Has a Professional Breached their Duty of Care? – Professional Negligence Overview Part III

29 April, 2016
by: Cripps Pemberton Greenish

 

When is wrong advice or a mistake so bad that it might be professional negligence?

 

 Breach of duty

The law requires a professional to act with the same care and skill to be expected from a reasonably competent member of their profession. A professional will be in breach of their duty of care if they fall below this standard.

So, a solicitor holding himself out to be a specialist conveyancing solicitor is required to comply with the standards expected of a reasonably competent conveyancing solicitor. The particular experience of the professional, who may be a newly qualified solicitor or a senior partner, does not affect this standard.

In order to determine whether the duty of care has been breached, it is important to note that the question is not simply “has something gone wrong?” or “is the client unhappy with a particular outcome?” This is because a reasonably competent professional may have taken the same precautions, or given the same advice, and achieved the same outcome.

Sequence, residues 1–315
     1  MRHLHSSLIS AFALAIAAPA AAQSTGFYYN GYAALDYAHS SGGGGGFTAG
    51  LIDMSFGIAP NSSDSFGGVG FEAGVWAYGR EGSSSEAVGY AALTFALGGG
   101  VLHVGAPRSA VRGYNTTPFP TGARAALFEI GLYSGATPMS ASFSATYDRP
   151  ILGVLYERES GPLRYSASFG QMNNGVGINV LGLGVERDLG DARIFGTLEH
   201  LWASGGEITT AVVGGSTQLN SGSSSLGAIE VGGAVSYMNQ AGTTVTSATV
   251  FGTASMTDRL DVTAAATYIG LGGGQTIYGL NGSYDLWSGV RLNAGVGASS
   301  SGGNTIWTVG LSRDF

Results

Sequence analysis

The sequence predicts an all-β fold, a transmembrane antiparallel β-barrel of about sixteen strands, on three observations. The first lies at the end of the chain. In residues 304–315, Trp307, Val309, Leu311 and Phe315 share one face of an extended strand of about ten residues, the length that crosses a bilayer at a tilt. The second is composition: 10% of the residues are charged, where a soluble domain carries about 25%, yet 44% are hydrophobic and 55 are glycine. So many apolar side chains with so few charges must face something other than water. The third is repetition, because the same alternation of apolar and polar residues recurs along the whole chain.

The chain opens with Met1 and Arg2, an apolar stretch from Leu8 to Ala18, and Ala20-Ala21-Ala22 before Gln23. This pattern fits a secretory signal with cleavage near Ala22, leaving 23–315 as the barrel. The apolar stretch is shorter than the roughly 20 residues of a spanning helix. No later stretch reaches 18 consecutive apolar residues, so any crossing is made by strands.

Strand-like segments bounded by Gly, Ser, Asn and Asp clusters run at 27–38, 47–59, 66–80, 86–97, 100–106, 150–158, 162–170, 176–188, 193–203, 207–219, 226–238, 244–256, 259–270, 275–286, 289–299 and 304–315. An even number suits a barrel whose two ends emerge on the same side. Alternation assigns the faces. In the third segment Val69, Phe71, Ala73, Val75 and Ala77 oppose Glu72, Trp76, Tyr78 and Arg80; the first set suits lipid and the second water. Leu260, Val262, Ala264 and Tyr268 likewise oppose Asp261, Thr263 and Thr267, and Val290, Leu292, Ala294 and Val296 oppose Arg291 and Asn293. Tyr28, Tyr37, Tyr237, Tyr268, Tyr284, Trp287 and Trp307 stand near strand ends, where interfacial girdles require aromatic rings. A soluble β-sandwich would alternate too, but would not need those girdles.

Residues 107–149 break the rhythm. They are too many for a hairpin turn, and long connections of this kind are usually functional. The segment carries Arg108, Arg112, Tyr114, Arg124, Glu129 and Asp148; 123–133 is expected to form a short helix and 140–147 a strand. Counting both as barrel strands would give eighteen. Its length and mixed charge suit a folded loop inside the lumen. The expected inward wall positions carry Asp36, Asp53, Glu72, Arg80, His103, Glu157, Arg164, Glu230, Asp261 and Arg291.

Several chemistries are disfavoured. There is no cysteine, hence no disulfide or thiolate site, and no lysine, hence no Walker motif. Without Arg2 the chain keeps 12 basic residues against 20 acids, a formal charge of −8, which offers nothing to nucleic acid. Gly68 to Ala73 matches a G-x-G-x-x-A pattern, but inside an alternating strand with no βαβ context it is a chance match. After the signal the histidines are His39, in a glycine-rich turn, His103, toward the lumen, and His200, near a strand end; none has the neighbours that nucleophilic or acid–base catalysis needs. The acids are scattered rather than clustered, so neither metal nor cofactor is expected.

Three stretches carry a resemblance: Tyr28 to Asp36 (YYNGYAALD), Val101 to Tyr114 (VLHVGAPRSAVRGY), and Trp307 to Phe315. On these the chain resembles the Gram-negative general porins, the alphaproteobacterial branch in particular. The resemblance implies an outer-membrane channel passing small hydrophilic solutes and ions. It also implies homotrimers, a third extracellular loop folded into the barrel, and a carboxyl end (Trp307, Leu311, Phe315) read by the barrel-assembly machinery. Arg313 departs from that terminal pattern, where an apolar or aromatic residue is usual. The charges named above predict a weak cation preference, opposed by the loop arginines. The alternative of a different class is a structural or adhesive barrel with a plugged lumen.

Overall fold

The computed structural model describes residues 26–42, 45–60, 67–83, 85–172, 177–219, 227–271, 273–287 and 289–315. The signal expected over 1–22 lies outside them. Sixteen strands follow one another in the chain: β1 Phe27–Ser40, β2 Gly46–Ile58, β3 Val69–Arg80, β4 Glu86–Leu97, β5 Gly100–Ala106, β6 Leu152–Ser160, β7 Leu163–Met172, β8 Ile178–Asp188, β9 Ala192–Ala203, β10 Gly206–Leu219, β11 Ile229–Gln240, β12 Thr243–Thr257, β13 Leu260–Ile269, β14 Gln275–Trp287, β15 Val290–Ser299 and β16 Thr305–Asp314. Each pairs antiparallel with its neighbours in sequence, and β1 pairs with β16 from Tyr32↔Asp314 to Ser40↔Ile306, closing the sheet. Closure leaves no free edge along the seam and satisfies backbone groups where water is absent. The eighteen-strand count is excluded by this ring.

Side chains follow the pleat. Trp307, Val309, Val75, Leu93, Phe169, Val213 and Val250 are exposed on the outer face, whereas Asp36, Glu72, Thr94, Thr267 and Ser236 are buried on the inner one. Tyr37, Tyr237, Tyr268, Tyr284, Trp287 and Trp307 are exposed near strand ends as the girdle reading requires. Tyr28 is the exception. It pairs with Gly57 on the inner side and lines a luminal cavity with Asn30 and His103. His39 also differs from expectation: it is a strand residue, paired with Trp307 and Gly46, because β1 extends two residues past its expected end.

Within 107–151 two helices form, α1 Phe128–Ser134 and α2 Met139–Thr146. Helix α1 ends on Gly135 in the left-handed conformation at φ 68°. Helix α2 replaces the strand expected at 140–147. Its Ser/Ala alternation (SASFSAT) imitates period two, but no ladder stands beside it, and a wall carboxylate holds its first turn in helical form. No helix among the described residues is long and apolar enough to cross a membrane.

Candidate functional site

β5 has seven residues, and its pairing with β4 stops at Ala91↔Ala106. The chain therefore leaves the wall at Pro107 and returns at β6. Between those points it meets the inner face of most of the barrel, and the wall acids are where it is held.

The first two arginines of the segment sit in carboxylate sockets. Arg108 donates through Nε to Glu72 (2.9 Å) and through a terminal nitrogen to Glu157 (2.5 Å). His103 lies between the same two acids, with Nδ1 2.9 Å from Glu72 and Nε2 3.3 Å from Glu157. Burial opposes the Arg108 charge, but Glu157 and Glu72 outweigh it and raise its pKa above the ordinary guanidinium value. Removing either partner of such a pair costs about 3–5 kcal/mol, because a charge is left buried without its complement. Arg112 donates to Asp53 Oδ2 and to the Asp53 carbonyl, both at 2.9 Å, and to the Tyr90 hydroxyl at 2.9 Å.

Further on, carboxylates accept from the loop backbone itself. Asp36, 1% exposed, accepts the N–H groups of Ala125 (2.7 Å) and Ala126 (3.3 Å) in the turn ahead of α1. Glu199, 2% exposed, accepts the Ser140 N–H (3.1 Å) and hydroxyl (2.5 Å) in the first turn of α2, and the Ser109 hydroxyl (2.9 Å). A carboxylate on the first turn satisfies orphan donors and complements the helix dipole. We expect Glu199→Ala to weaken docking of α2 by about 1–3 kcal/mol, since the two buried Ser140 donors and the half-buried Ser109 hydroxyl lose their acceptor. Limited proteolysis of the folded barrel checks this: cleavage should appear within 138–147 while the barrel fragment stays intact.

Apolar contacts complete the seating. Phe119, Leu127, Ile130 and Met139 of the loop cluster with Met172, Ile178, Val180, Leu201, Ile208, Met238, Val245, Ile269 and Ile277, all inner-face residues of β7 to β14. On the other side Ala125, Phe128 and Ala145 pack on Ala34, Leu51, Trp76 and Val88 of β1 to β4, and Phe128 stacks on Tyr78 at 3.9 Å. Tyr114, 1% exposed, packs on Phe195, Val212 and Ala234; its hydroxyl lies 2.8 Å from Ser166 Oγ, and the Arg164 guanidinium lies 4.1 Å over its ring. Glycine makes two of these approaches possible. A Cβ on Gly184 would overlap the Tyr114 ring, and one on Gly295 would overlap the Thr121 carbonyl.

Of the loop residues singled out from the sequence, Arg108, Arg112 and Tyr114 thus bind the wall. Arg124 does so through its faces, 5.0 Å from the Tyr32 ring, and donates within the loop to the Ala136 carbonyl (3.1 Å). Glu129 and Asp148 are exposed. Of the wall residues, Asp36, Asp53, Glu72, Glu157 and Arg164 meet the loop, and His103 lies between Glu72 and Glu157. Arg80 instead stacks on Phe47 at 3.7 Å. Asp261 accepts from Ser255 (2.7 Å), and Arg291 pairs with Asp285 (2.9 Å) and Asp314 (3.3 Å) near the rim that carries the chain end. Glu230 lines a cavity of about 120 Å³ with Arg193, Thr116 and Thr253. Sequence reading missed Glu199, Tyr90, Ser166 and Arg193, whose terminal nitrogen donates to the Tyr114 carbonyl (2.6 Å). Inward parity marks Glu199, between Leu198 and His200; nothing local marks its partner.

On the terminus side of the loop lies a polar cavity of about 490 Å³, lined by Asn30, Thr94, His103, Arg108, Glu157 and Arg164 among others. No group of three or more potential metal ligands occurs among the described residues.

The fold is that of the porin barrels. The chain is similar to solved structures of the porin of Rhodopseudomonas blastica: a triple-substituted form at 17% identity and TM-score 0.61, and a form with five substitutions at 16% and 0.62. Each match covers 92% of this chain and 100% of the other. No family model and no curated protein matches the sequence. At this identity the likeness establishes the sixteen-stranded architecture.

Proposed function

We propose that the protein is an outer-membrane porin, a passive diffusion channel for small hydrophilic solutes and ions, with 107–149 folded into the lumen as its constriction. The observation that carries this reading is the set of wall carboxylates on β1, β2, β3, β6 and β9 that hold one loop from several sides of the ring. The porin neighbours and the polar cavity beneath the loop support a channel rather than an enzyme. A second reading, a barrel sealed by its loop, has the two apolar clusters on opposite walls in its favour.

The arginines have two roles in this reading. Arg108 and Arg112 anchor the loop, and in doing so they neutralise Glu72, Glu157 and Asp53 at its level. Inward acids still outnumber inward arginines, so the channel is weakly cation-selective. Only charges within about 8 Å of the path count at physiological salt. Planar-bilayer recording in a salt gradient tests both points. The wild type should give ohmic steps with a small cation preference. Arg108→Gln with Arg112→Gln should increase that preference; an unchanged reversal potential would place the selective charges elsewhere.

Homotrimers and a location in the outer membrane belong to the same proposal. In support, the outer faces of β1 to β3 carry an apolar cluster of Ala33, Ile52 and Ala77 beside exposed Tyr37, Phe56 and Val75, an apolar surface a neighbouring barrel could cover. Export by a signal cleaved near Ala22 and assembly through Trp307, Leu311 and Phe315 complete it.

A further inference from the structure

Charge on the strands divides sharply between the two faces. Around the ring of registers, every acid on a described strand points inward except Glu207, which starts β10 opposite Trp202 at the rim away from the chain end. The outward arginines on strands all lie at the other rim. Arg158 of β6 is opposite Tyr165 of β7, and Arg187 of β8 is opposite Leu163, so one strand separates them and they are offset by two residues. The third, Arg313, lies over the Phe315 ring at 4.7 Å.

For example, a doctor would not necessarily be in breach of her duty of care (and therefore negligent) in recommending and carrying out a risky, but ultimately unsuccessful, procedure if that is what a body of other reasonably competent doctors would also have done in those circumstances. There may have been several alternative procedures which would have been acceptable.

 

Check the contract

Check the contract

The contract may set the standards for the way the professional is to do their work

A professional may not have been negligent, but may nevertheless have breached the terms of their contract with the client.

Those actually written in the contract are called express terms, and are obvious. However, a contract may also have implied terms which, as their name

suggests, are implied from the circumstances of the creation of the agreement, what the parties said, or what they must have obviously intended, among other things. The law also implies certain terms into every contract, such as the term that work or services be carried out with reasonable care and skill.

Not all contracts have to be in writing.

 

For more information, see Cripps Pemberton Greenish’s brief guide to professional negligence claims or contact one of our team.